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A Billion Dollar Go Mistake

Neenad Ingole 36

Photo by David Pupaza on Unsplash

This post is about a real problem I faced in my project. I merged two blog post into one so this is a bit longer post, please read till the end. Thank you!

I hope after reading this post, you will be able to avoid the same mistake we made in our project 😅. This small mistake didn’t cost us a billion dollars. But, It did cost us a few thousand, and the Prometheus alerts saved us.

But it could cost you a Billion if you are not careful 💸. I learn my lessons through mistakes, this is something that I will never forget in future.

The scenario is a simple database transaction. We all have used database transactions at least once in our programming life. If you don’t know how transactions work you could read the docs here for Postgres.

Our service handles the management of some Subscriptions in the database. All the changes to the rows happen within a transaction. The service is in Golang and the flow is like this::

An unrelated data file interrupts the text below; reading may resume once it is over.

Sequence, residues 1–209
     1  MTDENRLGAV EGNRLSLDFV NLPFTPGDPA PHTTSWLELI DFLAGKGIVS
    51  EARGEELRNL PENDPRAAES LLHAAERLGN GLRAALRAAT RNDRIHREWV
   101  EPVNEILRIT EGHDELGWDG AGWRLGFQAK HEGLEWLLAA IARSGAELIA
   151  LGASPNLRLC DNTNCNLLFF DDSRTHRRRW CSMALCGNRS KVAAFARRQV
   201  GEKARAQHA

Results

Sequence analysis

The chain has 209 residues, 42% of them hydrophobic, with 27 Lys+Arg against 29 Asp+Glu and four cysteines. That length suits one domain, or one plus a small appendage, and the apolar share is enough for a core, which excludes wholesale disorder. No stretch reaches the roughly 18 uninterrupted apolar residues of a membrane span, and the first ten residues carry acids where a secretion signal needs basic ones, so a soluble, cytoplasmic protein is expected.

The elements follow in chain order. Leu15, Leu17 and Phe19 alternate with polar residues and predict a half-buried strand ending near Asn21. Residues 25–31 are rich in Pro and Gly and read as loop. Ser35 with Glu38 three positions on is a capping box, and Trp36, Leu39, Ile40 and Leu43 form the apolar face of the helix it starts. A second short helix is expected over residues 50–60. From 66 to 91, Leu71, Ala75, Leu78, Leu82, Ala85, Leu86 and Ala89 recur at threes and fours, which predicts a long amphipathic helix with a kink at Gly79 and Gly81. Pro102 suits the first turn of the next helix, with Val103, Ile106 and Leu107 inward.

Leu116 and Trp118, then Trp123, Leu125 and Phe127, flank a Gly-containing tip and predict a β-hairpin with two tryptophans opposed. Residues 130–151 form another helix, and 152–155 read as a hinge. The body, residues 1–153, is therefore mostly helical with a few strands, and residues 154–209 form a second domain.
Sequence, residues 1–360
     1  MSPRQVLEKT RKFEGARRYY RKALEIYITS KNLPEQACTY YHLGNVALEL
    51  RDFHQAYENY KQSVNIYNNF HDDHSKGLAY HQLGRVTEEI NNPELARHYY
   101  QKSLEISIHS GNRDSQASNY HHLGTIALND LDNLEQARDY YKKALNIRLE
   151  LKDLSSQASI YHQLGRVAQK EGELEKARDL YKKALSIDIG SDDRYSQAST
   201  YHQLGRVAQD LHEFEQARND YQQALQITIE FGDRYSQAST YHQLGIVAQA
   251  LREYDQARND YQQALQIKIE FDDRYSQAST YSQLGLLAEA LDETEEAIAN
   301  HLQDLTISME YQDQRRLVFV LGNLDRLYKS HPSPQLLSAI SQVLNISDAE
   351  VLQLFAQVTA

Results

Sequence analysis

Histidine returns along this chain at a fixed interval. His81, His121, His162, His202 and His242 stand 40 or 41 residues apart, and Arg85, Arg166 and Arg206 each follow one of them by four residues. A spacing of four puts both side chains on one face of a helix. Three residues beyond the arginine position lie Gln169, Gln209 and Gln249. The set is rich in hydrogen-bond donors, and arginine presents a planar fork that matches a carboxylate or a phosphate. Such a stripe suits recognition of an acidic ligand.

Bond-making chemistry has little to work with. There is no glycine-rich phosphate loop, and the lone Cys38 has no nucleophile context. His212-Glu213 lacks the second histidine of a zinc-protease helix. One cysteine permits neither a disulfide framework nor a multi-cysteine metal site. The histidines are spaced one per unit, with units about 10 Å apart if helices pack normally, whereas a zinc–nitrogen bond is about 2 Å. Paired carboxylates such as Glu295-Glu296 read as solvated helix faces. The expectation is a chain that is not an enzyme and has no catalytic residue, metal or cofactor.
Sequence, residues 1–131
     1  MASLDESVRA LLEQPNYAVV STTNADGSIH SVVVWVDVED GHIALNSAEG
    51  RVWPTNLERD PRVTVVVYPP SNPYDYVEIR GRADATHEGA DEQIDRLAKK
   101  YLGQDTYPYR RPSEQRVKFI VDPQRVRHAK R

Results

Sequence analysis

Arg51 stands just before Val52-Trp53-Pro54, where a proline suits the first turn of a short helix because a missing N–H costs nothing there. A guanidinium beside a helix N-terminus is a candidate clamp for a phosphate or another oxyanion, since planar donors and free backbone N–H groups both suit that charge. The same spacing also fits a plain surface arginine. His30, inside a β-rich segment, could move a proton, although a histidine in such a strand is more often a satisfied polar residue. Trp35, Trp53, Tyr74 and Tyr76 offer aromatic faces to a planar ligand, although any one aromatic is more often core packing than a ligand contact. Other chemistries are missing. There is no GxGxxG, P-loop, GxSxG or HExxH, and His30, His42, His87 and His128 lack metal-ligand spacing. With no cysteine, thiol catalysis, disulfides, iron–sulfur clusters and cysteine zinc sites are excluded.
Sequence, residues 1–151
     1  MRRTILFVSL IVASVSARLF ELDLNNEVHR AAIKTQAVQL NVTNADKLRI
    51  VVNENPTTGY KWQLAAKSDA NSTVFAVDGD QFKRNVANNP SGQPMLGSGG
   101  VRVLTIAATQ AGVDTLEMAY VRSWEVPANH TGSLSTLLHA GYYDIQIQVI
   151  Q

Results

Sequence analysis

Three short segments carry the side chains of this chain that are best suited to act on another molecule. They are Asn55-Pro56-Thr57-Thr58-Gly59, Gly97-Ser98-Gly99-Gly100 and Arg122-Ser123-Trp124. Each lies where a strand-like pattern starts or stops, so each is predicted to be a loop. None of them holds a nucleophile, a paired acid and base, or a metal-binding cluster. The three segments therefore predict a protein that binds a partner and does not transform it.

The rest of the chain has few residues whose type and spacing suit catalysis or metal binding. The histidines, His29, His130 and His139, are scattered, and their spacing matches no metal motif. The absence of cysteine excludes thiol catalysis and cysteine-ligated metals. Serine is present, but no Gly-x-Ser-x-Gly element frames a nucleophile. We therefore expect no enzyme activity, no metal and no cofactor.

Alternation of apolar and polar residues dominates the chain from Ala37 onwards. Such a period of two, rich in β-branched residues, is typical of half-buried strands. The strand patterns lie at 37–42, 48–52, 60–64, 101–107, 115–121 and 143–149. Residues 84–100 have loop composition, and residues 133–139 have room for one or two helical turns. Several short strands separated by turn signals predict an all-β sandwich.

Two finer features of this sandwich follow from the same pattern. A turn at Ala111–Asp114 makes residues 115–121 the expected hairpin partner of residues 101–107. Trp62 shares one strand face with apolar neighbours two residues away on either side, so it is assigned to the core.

• Start the transaction
  • Fetch the record by ID
  • Confirm if the operation for the change is possible
  • If Yes, then update the record
  • Commit the transaction
  • For any error, revert the transaction

To fetch a record and acquire a lock on the record so that other flows would wait to update, we use SELECT ... FOR UPDATE query to fetch the record from Postgres and lock it.

Note: We use sqlx lib for database access.

The repository code is like this:

func (r *fetcher) GetSubscription(tx *sqlx.Tx, id uuid.UUID) (*model.Subscription, error) {
var subscription model.Subscription
err := tx.Get(&subscription, `
SELECT * FROM subscriptions
WHERE id = $1
FOR UPDATE
`, id)
if err != nil {
return nil, err
}

return &subscription, nil
}

The service code is like this:

func (s *service) CancelSubscription(ctx context.Context, id uuid.UUID) (*model.Subscription, err error) {
tx, err := s.db.BeginTxx(ctx, nil)
if err != nil {
return nil, err
}

defer func() {
if err != nil {
tx.Rollback()
}
}()…